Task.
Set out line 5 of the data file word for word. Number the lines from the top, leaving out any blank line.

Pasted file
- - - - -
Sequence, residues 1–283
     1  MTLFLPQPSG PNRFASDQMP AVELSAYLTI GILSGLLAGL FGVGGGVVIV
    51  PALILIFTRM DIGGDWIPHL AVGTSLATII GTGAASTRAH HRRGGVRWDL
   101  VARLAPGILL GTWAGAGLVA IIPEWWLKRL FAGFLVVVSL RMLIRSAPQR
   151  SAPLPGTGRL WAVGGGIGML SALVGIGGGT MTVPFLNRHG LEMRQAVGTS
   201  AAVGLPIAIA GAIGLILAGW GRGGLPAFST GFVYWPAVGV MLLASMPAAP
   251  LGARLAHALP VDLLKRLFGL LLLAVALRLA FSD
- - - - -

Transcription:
   151  SAPLPGTGRL WAVGGGIGML SALVGIGGGT MTVPFLNRHG LEMRQAVGTS